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Permanent URL to this publication: http://dx.doi.org/10.5167/uzh-53755

Otto, M; Ludolph, A C; Landwehrmeyer, B; Förstl, H; Diehl-Schmid, J; Neumann, M; Kretzschmar, H A; Schroeter, M; Kornhuber, J; Danek, A (2011). Konsortium zur Erforschung der frontotemporalen Lobärdegeneration. Der Nervenarzt, 82(8):1002-1005.

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Abstract

Frontotemporal lobar degeneration (FTLD) is an umbrella term for an aetiologically diverse group of neurodegenerative disorders with prominent lobar cortical atrophy. First this disease group was restricted to Pick's disease or Pick's complex. Several updates of the clinical classification systems were performed and discussed. Currently we summarize the following diseases under the FTLD spectrum: frontotemporal dementia (FTD) as a behavioural variant, primary non-fluent aphasia (PNFA) and semantic dementia as language variants, amyotrophic lateral sclerosis with FTD (ALS-FTD), corticobasal syndrome (CBS) and progressive supranuclear palsy (PSP).From the pathophysiological aspect major progress was made. Neuropathologically FTLDs are now defined based on the molecular composition of these protein accumulations. A major distinction of tau-associated (FTLD-tau) and TDP43-associated (FTLD-TDP43) and to a lesser extend FUS-associated (FTLD-FUS) has been made. Additional risk genes were described. However from the therapeutic perspective even symptomatic therapy is under discussion. A major aim of our consortium is to develop parameters allowing an early diagnosis and follow-up, thus providing effective and objective parameters for therapeutic strategies.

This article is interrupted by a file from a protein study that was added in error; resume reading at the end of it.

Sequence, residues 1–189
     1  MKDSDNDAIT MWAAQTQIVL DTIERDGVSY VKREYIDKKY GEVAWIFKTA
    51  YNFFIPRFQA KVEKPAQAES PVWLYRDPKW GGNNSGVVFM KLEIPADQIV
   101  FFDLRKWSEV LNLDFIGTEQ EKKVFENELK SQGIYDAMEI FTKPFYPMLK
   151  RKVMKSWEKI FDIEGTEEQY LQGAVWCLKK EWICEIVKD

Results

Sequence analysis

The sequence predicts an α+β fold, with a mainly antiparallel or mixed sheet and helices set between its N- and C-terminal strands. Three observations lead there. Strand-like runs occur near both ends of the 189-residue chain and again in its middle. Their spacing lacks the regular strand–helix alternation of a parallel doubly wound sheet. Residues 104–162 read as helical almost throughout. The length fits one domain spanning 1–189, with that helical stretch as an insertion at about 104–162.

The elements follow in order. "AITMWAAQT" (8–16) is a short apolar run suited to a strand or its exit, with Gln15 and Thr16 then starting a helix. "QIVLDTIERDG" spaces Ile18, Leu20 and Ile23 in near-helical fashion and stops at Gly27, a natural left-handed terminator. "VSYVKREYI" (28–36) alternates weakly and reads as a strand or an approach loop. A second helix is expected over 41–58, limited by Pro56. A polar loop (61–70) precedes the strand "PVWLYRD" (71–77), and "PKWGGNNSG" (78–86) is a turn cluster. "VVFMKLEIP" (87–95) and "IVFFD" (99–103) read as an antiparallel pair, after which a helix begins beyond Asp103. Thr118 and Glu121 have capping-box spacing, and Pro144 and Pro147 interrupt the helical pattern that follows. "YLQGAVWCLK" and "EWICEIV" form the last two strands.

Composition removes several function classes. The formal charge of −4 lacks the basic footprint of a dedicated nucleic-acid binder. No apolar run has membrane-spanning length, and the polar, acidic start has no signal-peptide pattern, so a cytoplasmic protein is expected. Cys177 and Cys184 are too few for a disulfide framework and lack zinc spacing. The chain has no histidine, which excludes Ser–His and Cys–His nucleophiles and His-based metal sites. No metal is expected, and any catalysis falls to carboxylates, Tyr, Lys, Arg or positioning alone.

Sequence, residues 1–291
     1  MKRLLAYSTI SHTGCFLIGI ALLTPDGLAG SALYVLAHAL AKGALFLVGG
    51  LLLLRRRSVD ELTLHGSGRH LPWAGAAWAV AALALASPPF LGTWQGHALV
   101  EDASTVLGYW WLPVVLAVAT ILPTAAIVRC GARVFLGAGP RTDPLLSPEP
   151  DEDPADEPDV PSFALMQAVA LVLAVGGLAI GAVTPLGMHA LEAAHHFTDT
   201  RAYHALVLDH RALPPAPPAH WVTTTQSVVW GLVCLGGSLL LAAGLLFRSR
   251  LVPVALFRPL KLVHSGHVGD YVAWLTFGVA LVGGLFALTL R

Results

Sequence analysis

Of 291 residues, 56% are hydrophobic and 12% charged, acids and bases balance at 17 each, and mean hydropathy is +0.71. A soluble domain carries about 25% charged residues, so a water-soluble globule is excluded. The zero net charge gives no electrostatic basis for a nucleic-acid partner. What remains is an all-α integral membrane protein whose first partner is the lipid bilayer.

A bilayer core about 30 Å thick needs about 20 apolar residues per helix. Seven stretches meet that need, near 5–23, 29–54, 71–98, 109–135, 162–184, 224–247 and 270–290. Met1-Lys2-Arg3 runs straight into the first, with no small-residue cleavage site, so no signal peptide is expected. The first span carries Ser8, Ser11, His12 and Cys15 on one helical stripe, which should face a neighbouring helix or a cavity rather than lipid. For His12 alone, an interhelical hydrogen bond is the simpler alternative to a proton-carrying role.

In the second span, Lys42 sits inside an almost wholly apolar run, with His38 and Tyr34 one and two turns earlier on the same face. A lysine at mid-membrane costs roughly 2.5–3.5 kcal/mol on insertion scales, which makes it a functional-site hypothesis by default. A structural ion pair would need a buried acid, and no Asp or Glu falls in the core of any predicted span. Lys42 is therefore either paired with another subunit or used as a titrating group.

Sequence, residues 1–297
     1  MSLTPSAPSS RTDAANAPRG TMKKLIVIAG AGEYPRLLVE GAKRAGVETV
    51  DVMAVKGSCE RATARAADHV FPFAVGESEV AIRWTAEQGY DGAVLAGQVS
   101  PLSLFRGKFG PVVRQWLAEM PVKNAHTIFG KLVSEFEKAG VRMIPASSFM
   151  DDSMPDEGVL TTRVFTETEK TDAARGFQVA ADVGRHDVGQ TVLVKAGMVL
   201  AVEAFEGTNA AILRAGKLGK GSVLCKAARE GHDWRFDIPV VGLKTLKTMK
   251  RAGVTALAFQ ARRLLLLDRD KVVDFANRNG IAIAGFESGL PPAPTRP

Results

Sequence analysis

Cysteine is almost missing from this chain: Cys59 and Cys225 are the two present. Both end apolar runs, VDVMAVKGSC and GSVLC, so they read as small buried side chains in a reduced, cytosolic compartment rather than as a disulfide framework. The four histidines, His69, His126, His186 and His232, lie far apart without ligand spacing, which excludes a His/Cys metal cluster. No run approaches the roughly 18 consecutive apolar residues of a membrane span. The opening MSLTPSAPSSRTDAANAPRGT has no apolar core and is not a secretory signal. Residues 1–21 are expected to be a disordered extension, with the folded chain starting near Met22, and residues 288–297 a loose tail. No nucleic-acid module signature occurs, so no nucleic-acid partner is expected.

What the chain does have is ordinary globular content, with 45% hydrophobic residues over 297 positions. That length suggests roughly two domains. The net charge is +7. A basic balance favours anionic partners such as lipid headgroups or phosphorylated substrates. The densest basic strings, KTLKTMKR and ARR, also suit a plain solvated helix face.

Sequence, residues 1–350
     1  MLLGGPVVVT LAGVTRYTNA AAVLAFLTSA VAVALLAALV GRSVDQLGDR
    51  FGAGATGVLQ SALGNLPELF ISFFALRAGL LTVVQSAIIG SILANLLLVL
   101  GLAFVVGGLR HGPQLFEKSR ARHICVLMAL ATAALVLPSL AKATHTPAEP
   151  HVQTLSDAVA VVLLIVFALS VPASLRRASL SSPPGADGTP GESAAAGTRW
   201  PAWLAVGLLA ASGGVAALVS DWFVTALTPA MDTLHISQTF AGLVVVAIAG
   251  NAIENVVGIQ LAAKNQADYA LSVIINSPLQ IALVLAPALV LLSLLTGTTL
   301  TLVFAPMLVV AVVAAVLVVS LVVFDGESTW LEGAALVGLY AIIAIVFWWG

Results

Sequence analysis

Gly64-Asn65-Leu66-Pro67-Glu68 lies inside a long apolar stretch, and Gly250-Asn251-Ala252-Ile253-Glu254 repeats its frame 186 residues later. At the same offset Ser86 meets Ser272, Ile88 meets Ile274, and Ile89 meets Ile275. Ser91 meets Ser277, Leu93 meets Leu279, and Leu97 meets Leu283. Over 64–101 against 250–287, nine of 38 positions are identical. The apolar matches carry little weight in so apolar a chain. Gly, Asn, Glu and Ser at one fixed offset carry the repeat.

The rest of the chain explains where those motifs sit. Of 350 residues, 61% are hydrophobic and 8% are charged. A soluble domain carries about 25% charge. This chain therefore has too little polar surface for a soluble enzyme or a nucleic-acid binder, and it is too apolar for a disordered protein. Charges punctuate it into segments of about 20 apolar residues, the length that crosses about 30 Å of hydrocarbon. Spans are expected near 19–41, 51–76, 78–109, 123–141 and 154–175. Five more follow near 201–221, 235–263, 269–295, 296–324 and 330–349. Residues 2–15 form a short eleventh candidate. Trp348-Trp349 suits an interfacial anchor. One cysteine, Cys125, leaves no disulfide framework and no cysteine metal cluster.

Other titles:German consortium for frontotemporal lobar degeneration
Item Type:Journal Article, refereed, original work
Communities & Collections:04 Faculty of Medicine > University Hospital Zurich > Institute of Neuropathology
DDC:570 Life sciences; biology
610 Medicine & health
Language:German
Date:2011
Deposited On:07 Jan 2012 16:08
Last Modified:23 Feb 2014 13:31
Publisher:Springer
ISSN:0028-2804
Publisher DOI:10.1007/s00115-011-3261-3
PubMed ID:21805118
Citations:Web of Science®. Times Cited: 3
Google Scholar™
Scopus®. Citation Count: 3

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